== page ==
The US Drug Enforcement Administration is trying to crack down on "flakka," a type of cheap, synthetic speed that has fueled hysteria over the past year after being linked to a series of bizarre incidents in South Florida.
Flakka is the street name for a chemical compound known as alpha-PVP, which is classified under the umbrella label of a synthetic cathinone, also known as "bath salts." Like many other synthetic or designer drugs, flakka is mostly manufactured in Chinese labs, sold in bulk online under brand names like "Lunar Wave," "Cloud Nine," and "Scarface," and then sold by US retailers for about $3 to $5 a pop, often with the disclaimer that the product is "not for human consumption." People take it for its powerful psychoactive properties, which mimic the effects of cocaine or methamphetamine, often with disastrous consequences.
Last April, a 41-year old man who was reportedly high on flakka ran naked through the streets of Melbourne, Florida, claimed he was the Norse god Thor, and then tried to fornicate with a tree. When an officer attempted to apprehend the man, he tried to stab the cop with his own badge. In a separate incident, another Florida man ran nude down a busy street in broad daylight convinced that he was being pursued by a pack of German shepherds. One headline claimed the drug turns users into "naked, paranoid lunatics."
Bizarre behavior aside, a medical examiner in Broward County in southern Florida has reportedly seen 63 flakka-related deaths since September 2014. At the height of the drug's popularity last summer, Broward County emergency rooms were admitting over 300 people per month for flakka-related symptoms.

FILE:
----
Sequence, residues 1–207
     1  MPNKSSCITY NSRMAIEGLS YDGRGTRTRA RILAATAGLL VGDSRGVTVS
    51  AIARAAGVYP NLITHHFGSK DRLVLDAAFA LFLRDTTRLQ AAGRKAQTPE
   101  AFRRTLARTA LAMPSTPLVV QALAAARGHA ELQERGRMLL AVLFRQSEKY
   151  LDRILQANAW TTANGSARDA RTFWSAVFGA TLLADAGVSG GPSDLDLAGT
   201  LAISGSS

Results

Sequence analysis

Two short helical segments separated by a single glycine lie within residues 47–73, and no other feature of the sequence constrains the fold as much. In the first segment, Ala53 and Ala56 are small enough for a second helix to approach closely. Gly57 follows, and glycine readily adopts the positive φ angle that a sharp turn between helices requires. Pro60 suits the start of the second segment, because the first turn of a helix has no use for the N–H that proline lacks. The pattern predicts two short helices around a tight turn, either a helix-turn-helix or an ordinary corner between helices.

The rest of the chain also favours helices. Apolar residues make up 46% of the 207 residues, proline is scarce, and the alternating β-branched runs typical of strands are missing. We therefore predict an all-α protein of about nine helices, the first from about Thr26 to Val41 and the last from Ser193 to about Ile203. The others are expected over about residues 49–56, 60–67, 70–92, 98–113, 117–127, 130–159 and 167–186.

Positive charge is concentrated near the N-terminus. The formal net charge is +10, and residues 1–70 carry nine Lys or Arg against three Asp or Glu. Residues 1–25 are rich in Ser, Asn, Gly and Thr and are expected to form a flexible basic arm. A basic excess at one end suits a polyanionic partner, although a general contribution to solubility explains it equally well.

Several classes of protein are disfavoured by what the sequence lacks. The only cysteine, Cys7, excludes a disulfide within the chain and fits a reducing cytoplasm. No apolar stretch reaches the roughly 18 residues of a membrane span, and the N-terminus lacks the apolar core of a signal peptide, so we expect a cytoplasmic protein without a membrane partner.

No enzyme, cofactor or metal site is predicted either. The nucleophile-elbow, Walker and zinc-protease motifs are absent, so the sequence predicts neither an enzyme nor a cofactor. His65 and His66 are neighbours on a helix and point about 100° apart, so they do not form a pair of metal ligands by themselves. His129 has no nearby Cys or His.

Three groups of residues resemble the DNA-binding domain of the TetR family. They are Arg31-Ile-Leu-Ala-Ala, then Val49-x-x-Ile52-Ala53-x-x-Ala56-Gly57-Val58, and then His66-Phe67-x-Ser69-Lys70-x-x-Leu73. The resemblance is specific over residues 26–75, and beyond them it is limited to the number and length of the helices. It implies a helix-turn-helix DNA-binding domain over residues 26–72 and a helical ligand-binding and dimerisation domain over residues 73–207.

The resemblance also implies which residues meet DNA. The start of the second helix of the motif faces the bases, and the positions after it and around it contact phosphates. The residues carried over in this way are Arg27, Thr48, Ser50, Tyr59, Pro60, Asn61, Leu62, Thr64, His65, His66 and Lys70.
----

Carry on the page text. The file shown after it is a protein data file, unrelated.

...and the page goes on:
Manufacturers of designer drugs are constantly tweaking the chemical structures of synthetic cathinones to skirt US drug laws. When the DEA proposes banning any drug, they have to specify its exact chemical composition. Getting around the drug ban is easy: It just requires a slight change to the chemical formula and rebranding so online retailers can ship it into the US.
The compounds commonly found in flakka have been under a temporary ban since 2013, and now the the DEA wants to make that ban permanent by slapping a Schedule I classification on 10 chemicals. Schedule I status is reserved for drugs that US authorities deem to have a high potential for abuse and no accepted medical use, including heroin, LSD, and marijuana.
'The unknown should scare people. You don't know where it came from, or the kind of lab it was manufactured in.'
Synthetic cathinones were originally designed to chemically mimic the effects of khat, a plant that grows naturally in parts of Africa and the Middle East with leaves that produce a mild stimulant effect when chewed. But after years of chemical tweaks, the drug has evolved further and further away from its plant-based prototype.
Lawmakers are forced to play catch-up as drug manufacturers change their recipes. Authorities are constantly revamping their testing technology to keep up, meaning some designer drugs enjoy a period of relative legality before the DEA gets up to speed.
Police occasionally encounter "analogues," substances that are so similar to ones that are already banned that they can press charges on the basis of their chemical likeness. But chief DEA spokesman Rusty Payne told VICE News it can be tough to keep pace.